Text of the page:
One of our favourite local places to walk is Warburg nature reserve, which is managed by BBOWT (Berks, Bucks and Oxon Wildlife Trust). The reserve is in the Chilterns, and encompasses a mixture of native woodland and chalk grassland.
We recently took advantage of a lull in the rain, and spent an afternoon exploring the reserve. It was a lovely sunny day so our visit started with a picnic. Fortunately, Warburg has a dedicated area with picnic benches right next to the car park which was rather convenient.
There are several footpaths through the reserve; we chose to take the waymarked wildlife walk. This is a mile long trail starting from the visitor centre, which takes you on both sides of the valley. It’s popular with families; there are only a couple of easy uphill sections although the track was incredibly muddy!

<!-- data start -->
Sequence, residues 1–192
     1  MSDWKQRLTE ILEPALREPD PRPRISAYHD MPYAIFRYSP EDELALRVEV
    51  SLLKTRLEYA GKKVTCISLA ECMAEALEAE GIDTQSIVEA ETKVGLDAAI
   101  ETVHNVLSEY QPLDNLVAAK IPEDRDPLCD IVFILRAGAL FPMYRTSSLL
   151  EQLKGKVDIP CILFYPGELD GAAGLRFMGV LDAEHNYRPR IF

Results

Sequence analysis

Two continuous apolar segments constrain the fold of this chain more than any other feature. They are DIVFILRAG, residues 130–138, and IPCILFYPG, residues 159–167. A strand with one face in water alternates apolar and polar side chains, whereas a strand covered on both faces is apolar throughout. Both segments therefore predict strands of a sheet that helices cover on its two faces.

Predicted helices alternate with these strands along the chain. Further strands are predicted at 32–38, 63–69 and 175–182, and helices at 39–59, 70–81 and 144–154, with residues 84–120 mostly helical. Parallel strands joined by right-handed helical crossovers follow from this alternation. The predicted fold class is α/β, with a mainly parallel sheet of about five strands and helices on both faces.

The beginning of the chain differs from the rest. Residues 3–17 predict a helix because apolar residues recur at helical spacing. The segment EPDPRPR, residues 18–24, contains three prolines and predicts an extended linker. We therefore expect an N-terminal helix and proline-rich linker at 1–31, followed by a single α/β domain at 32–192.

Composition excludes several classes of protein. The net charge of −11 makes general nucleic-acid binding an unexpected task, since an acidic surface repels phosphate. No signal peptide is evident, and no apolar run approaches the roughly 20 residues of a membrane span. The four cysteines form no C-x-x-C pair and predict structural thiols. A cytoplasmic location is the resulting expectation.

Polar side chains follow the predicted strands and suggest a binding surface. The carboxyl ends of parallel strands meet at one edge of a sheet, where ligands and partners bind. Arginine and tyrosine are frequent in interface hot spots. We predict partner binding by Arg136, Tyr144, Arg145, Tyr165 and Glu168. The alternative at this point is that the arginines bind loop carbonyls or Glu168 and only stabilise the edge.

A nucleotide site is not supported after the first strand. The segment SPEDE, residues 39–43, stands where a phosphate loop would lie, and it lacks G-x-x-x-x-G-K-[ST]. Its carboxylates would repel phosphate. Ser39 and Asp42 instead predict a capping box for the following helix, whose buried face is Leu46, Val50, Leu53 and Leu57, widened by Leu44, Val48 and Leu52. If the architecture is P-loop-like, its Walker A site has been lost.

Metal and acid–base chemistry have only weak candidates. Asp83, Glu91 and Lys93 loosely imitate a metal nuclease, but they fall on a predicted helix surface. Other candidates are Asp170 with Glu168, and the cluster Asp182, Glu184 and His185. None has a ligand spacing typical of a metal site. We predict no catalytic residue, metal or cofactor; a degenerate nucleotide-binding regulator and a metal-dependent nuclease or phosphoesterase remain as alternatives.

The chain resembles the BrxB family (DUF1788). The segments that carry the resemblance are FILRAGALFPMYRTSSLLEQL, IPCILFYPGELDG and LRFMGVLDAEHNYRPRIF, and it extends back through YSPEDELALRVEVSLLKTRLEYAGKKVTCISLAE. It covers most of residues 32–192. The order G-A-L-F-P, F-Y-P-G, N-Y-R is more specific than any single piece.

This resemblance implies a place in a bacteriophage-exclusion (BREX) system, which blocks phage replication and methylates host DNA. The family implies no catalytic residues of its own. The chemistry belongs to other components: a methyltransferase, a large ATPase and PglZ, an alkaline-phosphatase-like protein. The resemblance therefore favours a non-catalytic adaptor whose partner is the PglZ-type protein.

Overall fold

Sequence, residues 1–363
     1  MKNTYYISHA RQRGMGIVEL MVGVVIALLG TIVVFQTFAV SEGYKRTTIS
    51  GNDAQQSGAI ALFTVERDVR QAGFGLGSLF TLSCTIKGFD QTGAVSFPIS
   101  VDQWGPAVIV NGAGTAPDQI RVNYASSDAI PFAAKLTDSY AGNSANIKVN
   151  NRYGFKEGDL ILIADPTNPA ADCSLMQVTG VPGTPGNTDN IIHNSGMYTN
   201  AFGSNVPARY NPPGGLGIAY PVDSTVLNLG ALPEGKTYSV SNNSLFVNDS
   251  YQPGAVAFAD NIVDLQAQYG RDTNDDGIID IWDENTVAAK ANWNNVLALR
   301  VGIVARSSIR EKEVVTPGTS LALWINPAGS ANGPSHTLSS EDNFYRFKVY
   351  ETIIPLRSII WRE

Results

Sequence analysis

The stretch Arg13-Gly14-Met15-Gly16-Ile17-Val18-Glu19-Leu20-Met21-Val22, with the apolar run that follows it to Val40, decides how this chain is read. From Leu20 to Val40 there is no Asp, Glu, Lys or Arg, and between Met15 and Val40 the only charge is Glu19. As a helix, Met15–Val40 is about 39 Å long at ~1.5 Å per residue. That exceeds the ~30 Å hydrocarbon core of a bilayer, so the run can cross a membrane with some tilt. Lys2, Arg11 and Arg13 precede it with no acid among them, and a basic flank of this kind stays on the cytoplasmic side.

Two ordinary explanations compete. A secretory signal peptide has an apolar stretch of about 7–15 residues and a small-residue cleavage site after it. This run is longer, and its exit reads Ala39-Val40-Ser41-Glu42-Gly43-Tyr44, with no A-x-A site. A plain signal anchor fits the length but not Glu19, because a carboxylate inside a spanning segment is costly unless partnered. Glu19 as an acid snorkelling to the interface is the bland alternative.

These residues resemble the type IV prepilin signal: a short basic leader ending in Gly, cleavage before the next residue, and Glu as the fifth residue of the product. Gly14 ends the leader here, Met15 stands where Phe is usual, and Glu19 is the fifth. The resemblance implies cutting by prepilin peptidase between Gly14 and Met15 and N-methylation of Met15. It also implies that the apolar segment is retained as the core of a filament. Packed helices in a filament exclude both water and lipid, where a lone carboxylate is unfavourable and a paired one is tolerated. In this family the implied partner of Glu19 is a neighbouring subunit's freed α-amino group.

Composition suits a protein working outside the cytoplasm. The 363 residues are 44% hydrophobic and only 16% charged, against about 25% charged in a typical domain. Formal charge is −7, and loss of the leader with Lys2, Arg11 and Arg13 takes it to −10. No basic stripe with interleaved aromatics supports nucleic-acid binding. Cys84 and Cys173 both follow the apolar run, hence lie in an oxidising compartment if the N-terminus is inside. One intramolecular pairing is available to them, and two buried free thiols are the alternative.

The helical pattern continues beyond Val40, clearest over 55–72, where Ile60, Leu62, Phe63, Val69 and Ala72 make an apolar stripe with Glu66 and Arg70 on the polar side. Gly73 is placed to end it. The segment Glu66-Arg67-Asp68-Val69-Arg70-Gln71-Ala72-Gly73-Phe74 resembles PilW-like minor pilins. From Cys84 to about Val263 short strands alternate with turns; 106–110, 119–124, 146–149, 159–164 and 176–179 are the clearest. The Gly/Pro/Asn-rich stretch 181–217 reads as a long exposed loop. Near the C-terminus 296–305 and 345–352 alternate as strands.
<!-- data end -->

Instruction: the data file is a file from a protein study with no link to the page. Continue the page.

The wildlife walk covers two different habitats. At the start you’re walking through beech woodland, with plenty of ferns, mosses and lichen to explore. My daughter found this moss covered tree which she decided looks like an elephant with a long trunk.
The second half of the walk is along open chalk grassland with views over the surrounding reserve. One of the great things about Warburg is that there’s plenty to see whatever the time of year, from orchids in early summer, butterflies in mid-summer through to fungi in autumn. There are almost always red kites circling overhead too.
Back at the car park I popped into the bird hide next to the visitor centre. The hide overlooks a small pond and had plenty of feeders to attract the birds. It’s right next to the entrance road but there were still loads of garden birds to spot. A lovely way to finish up the afternoon!
- The reserve is 4 miles north-west of Henley-on-Thames. It can be tricky to find so download the map in advance from the BBOWT website. The road leading to the reserve is single track and rough in places so watch out for the potholes.
- The nature reserve is free to enter, but there are donation boxes in the car park.
- There are toilets, a picnic area and small (usually unmanned) visitor centre.